Coach Driving In The 1800s - The Roads Of Brighton, Bath And Dover
11 pages
English

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11 pages
English

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Description

This early guide is both expensive and hard to find in its first edition. A fascinating anecdotal account of coach driving along the roads of Brighton, Bath and Dover that is written in a conversational style. Many of the earliest books, particularly those dating back to the 1900s and before, are now extremely scarce and increasingly expensive. We are republishing these classic works in affordable, high quality, modern editions, using the original text and artwork.

Sujets

Informations

Publié par
Date de parution 01 décembre 2020
Nombre de lectures 0
EAN13 9781528762854
Langue English

Informations légales : prix de location à la page 0,0350€. Cette information est donnée uniquement à titre indicatif conformément à la législation en vigueur.

Extrait

COACH DRIVING IN THE
1800s
THE ROADS OF BRIGHTON, BATH AND DOVER
BY
HENRY CHARLES SOMERSET
Contents
THE BRIGHTON, BATH, AND DOVER ROADS
The Red Rover in a gale.
THE BRIGHTON, BATH, AND DOVER ROADS.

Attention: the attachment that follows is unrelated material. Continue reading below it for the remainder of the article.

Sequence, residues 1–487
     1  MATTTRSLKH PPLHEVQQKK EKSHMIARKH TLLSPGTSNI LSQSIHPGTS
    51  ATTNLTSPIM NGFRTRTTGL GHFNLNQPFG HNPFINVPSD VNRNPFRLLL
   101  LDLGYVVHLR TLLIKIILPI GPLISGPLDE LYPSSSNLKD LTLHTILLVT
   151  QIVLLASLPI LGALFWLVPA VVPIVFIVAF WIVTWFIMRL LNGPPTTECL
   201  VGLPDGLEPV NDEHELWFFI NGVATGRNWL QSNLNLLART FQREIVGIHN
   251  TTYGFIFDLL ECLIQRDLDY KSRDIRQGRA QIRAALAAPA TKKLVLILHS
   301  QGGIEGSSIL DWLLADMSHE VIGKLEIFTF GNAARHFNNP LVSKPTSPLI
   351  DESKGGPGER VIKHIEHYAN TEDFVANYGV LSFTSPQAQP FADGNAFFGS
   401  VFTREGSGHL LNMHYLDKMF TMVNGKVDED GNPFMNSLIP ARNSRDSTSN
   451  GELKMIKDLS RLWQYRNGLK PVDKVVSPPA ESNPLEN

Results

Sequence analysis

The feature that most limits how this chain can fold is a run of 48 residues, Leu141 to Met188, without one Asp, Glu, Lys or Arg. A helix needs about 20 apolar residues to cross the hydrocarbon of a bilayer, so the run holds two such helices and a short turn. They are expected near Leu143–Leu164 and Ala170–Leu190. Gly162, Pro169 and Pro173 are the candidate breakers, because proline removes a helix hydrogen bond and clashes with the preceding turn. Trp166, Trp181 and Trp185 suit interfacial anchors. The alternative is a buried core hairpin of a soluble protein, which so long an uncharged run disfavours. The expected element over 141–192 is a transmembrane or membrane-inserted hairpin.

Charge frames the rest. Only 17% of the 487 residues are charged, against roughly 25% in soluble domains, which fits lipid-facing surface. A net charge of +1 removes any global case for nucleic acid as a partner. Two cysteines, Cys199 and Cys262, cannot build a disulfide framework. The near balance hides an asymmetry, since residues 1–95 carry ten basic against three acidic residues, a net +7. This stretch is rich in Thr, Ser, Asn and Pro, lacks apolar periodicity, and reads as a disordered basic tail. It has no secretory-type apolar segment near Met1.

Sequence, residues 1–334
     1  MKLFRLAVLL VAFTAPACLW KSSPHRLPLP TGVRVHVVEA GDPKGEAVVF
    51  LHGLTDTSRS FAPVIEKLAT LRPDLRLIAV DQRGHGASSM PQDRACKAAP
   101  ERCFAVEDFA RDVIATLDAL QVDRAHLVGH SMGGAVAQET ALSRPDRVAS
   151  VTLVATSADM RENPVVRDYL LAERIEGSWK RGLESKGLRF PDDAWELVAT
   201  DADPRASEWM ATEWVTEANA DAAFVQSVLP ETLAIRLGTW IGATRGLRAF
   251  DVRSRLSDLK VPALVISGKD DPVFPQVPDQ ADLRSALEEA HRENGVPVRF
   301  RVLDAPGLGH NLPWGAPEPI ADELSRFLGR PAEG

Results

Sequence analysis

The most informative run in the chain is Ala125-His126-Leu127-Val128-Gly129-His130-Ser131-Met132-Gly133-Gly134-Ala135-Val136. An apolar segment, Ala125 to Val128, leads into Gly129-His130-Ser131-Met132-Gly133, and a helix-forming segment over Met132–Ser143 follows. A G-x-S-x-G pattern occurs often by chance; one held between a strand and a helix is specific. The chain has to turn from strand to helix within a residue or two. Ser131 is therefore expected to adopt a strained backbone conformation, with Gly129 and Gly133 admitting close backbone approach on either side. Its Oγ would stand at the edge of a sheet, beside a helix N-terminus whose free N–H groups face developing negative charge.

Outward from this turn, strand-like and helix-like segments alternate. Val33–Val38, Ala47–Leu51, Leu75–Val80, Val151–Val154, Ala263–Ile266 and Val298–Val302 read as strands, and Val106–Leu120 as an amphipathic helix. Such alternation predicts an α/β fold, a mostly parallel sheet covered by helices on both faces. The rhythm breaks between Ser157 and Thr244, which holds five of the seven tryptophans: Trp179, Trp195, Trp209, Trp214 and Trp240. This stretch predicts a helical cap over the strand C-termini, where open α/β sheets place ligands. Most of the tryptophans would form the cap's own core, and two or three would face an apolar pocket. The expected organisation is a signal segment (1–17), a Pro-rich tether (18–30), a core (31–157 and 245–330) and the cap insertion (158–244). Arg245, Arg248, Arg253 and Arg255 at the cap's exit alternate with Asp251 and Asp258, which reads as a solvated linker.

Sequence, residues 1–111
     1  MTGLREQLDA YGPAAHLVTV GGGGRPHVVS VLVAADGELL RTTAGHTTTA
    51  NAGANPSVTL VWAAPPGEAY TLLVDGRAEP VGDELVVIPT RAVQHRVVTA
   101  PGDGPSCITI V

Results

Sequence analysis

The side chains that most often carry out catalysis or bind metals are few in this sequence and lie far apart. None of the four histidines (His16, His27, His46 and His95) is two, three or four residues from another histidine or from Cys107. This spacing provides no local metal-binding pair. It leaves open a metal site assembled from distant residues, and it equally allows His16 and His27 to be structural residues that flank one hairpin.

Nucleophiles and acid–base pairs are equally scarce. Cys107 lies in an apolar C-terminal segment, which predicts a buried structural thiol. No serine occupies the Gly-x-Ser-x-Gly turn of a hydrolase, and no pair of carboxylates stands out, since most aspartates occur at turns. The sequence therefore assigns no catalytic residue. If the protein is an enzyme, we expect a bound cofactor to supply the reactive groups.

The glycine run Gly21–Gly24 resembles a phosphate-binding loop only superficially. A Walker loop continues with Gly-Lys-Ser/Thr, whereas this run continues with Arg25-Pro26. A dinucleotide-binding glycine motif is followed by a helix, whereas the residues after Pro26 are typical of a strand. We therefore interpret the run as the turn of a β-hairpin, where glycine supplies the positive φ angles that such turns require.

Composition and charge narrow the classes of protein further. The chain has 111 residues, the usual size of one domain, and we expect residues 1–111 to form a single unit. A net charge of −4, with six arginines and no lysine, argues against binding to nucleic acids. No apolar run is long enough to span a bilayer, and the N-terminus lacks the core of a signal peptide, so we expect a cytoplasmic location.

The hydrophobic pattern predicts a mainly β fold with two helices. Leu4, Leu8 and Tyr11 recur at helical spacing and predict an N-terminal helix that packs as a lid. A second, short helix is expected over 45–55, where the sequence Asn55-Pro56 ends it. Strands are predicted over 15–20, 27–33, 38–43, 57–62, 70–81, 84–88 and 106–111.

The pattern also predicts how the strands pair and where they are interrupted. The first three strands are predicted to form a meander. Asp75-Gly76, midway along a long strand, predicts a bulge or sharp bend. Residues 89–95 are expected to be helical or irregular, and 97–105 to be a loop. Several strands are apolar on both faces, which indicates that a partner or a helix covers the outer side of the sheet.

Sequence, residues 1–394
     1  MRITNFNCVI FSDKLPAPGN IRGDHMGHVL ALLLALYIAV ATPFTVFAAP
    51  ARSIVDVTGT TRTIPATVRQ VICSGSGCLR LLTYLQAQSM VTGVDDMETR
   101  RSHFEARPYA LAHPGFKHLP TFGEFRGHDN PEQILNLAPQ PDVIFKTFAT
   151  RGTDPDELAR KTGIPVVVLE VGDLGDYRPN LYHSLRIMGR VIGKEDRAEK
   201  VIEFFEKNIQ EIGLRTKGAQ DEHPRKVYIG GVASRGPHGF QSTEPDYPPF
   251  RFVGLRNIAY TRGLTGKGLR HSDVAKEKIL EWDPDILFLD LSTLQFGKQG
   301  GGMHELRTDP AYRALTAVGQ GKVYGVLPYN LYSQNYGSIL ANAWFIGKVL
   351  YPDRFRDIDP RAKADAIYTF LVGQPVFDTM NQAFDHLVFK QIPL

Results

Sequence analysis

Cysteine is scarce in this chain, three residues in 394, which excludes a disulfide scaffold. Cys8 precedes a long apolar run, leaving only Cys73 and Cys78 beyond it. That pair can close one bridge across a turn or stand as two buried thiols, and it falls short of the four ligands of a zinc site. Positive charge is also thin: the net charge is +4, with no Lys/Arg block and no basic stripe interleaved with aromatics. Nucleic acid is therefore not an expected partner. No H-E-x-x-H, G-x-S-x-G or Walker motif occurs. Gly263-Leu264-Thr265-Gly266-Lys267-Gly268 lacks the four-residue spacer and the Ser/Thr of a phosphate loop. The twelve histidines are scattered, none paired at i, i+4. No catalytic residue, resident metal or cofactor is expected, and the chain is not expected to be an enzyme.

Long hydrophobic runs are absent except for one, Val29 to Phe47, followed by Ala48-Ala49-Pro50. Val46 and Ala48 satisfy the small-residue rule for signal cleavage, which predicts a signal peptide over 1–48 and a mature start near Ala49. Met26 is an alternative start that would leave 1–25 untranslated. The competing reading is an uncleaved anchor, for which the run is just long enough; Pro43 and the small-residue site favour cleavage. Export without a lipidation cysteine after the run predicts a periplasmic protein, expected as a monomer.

O N these roads there were many coaches and many coachmen of high reputation, and I select them for description as it chances that my experiences of them date back many years, and have been constant and considerable. Castle Square, Brighton, in the morning and evening was crowded with people assembled to see the departure and arrival of the various coaches. The Square had as many coach offices as other houses. I will begin with the Times office, belonging to Samuel Goodman. He had the seven o clock Times, which left in the morning and ran to the Golden Cross, Charing Cross, in about five hours and fifteen minutes. From Castle Square to the Elephant and Castle is fifty-two miles; thence a pair-horse branch coach took the passengers to the City. The coach was timed five hours to the Elephant. It returned from the Golden Cross at two, and reached Brighton at 7.15. A heavy family coach, called the Regent, left both ends at ten, and was supposed to do the journey in six hours, but it was really six hours and a half. Goodman had also the four o clock Times, which left both ends at four and was due in London and Brighton at 9.15. He generally drove this coach himself, and as he had a farm six or seven miles out of Brighton on the roadside, he had a man who often took it out of and brought it into Brighton, Goodman getting down and sleeping at his farm. There was a very peculiar old fellow who drove the Regent. He was a very slow safe old coachman, who would not have liked to drive any faster than he did. In 1833, my mother not being very well, my father took a house at Brighton-Western House, which is next to the easternmost house of Brunswick Terrace. He was then in the House of Commons, and had to go up and down between London and Brighton often. Being a very fine coachman-very powerful, and with hands as fine on a horse s mouth as a woman s-he could drive any horses; indeed I have known him drive horses that went pleasantly and without pulling with him, when it had been declared that no man could hold them. He was in the habit of driving many of the coaches on the Oxford, Bath, Portsmouth, and Southampton roads, and was well known as a first-rate artist. Goodman-a surly cross-grained fellow-would not let him drive. My father, vexed at the uncourteous treatment he had received, went to Alexander s, a large horse and coach proprietor in the Borough. In the lapse of time I have lost the name of his large stables, but well do I remember that whilst business was being discussed I used to wait in the coffee-room. Coffee! save the mark-no whiff of the fragrant berry ever sweetened that den. Dog s-nose, gin, the smell of stale bad tobacco smoke, sand, sawdust, and spittoons offended the nose and eyes! All coffee-rooms all over England had boxes-fancy an old-fashioned church pew, only higher, say six feet high, a brass rod above it, another eighteen inches or two feet, and a dirty red stuff curtain (stuffy too), a narrow table in the centre of each, and a narrow ledge to sit upon against the side of the pew on each side, and you have the box presented to your view.

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